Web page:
Infodio: A Closer Look at the Libel Industry

There is a growing number of websites whose primary purpose is to destroy reputations. Hidden behind a smokescreen of fake journalists and false sources, many online blogs and media outlets are now getting paid to settle scores. In this article, we’ll have a closer look at Infodio, a shady blog operating from South America, that has recently been banned from Twitter for defamatory allegations.

At first glance, Infodio’s website appears amateurish. Photos are badly cropped. Grammar and spelling are afterthoughts. It is clunky and text-heavy, as if intended to be read by machines, not humans.
Which begs the question: who is benefiting the most from this type of news blog?

We spoke to an IT specialist that works in a leading Reputation Management company. He agreed to speak to us on condition of anonymity: “I have been working in this industry since 2002” he says. “The motivation behind publishing negative articles online is often multifaceted. But in the case of Infodio, we can clearly identify a political and commercial angle. Their unverified claims have obscure sources, but search engines are giving them a veneer of credibility. And this is why the effect is so devastating. What’s worse, is that they can get away with it because they are often hosted in murky jurisdictions. For the right price, I can now publish an article about Apple saying that they have ties to cartels in South America. And it will show up in Google as a credible source.”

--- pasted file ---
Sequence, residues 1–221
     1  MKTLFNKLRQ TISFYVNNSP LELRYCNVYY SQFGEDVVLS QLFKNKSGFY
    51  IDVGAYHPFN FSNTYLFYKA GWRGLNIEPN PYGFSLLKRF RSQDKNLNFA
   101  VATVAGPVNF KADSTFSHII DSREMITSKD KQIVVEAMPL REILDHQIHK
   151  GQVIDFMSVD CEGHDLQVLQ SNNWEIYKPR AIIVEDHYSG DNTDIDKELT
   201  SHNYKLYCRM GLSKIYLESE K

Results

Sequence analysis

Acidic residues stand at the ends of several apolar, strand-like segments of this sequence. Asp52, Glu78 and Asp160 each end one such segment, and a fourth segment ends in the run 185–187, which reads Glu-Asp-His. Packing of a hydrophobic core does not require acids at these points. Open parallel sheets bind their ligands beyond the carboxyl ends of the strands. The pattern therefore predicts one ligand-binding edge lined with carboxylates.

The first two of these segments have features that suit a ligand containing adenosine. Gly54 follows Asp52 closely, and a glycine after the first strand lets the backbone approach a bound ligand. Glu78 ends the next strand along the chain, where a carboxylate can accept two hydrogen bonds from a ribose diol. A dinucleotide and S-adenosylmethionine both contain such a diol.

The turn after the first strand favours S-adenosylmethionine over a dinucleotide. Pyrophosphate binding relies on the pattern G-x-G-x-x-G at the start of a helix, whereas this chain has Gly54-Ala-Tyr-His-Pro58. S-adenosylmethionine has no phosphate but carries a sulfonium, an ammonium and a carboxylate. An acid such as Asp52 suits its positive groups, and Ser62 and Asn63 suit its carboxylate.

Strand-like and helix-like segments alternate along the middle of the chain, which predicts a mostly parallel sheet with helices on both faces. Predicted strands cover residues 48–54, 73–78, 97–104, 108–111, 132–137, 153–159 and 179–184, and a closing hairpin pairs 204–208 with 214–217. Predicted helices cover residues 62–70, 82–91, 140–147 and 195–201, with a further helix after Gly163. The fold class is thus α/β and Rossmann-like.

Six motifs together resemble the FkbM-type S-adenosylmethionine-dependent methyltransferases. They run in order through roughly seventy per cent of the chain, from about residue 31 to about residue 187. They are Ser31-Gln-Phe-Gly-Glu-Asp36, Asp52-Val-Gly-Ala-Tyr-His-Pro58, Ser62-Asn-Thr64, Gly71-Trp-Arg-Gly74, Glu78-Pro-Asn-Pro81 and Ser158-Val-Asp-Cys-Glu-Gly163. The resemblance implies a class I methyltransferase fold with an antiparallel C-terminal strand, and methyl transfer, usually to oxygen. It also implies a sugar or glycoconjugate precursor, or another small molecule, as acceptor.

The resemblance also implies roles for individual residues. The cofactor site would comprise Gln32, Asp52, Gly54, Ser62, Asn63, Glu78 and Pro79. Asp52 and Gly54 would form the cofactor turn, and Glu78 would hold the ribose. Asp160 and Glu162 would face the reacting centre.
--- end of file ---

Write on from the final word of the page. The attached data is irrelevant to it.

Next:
In simple terms, Infodio seems to have been designed to deceive. It might look like a legitimate news blog, but in reality, it is just a platform where the highest bidder can publish whatever article they want.

So what options do the victims have?
Most of the fake and defamatory articles on Infodio relate to public figures and big corporations, who can only win a libel lawsuit by showing that Infodio acted with “actual malice.” This means that the author must have known the story was false or must have had a “reckless disregard” for whether it was true or not. It’s usually a difficult standard to meet. Add to that the exorbitant lawyer fees, it becomes a very difficult battle to win.

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